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Staying Healthy in Times of Stress

Stress Can Make You Sick, but It Doesn't Have To

Relieving Stress and Getting Help

To ease the negative effects of stress on your health, experts recommend the following tips to reduce your stress and keep your life in balance:

  • Attempt to maintain a normal routine. Sticking to a schedule can help you feel more in control of your life even when the circumstances around you are chaotic.
  • Make and keep connections with friends, family, clergy, and other confidants. Maintaining a strong social support network can act as a buffer against stress.
  • Make time for things that you enjoy, whatever that may be, such as playing with your children or pets, exercise, reading a book, etc.
  • Give yourself a break and stay away from things that rile you in times of stress. Limit contact with people or things that cause stress, especially around bedtime.
  • Participate in a volunteer activity. Assisting others in a time of need can be empowering.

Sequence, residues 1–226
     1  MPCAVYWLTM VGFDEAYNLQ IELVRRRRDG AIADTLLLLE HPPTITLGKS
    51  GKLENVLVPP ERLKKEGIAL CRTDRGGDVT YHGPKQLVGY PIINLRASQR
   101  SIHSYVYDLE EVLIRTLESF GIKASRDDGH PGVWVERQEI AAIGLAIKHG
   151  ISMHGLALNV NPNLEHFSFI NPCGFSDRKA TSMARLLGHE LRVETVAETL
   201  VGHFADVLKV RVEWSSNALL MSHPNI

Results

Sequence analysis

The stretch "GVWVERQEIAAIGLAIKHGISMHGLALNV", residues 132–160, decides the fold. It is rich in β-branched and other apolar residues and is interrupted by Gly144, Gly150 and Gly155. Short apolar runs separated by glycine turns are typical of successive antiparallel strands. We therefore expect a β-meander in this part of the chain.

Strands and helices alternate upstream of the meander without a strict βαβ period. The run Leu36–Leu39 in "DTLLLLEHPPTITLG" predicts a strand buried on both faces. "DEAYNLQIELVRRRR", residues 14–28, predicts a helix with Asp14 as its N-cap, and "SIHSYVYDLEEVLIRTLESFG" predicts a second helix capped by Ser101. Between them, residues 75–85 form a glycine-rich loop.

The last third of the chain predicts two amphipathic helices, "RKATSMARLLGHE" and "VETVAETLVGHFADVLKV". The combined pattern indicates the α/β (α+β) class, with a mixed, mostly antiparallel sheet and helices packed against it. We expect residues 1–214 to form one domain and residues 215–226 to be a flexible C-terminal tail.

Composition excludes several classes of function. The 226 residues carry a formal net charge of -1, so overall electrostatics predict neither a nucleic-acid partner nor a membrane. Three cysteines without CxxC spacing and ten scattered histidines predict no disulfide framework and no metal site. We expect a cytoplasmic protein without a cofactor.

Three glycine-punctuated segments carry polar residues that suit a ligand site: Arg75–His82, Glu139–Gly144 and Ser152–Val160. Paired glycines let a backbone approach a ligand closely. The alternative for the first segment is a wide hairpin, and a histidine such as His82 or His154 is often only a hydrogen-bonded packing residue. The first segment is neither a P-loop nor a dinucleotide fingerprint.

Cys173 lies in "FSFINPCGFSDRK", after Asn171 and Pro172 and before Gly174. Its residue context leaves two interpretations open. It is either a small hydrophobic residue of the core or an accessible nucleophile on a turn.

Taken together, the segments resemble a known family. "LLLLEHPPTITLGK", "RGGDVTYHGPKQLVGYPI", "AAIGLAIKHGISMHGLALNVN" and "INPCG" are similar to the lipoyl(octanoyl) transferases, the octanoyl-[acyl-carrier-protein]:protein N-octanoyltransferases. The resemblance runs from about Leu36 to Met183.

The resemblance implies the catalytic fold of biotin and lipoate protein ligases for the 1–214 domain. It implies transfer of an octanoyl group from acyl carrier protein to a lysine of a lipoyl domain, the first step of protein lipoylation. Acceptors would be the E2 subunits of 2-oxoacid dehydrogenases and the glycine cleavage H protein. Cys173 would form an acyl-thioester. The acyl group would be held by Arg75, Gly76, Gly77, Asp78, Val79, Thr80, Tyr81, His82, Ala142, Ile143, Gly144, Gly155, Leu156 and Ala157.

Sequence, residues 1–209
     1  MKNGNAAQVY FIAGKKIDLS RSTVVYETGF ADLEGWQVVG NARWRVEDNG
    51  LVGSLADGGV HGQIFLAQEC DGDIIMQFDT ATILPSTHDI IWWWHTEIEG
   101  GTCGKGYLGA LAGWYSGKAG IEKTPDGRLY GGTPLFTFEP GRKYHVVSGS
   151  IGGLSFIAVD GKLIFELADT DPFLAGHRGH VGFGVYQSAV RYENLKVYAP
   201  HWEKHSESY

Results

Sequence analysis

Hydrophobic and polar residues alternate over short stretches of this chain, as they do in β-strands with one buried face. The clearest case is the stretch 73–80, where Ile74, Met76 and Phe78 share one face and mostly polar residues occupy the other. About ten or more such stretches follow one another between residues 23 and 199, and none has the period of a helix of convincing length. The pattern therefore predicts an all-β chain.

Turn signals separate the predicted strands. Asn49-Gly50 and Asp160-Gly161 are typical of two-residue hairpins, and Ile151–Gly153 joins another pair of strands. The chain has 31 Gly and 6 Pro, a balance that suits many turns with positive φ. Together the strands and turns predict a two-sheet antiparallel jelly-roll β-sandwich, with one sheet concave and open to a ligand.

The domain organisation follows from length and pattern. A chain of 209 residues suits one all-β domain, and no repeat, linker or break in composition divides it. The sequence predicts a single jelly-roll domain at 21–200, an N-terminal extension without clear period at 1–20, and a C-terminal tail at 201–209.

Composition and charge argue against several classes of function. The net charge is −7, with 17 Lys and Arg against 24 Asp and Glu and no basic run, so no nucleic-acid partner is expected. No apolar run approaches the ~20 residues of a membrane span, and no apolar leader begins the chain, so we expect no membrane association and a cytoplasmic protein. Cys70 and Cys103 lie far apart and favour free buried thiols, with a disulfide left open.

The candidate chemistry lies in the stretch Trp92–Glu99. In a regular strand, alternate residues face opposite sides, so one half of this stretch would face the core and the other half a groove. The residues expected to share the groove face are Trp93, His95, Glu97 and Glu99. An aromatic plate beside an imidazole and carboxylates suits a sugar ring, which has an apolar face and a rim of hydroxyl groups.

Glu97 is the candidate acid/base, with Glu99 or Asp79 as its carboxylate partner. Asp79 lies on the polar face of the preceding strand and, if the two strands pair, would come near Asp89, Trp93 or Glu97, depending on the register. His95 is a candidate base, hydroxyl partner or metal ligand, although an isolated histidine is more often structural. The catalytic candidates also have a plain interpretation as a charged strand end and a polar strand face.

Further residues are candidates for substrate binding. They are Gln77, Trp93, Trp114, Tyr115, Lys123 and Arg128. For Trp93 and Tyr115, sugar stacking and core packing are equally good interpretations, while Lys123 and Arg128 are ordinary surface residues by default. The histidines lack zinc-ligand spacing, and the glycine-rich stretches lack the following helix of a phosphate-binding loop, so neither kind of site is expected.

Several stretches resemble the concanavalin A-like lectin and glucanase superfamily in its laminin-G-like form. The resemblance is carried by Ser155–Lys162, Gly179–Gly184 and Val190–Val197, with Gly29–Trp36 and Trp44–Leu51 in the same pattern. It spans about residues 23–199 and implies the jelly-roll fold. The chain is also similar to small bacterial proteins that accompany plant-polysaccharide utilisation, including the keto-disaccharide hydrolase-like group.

• Take care of yourself. Don't let stress affect your diet, sleep schedule, or exercise habits.

Tovian says there are also several warning signs to look for that can signal when stress levels are exceeding healthy limits. Symptoms of stress overload include:

  • Disruption in sleeping habits
  • Change in appetite or diet
  • Change in mood, such as a loss of optimism or feeling overwhelmed
  • Inability to put stress in long-term perspective or see the bigger picture
  • Increase in anger or irritability

If you suffer from these symptoms, experts say it's important to reach out to family and friends. If your symptoms continue, seek out advice from your doctor or a mental health professional trained to deal with these issues.

Therapies to help people fight the health effects of stress usually target either altering factors in the environment that are causing stress or changing how people perceive and respond to stress through counseling on stress management, biofeedback, and/or drug treatment.

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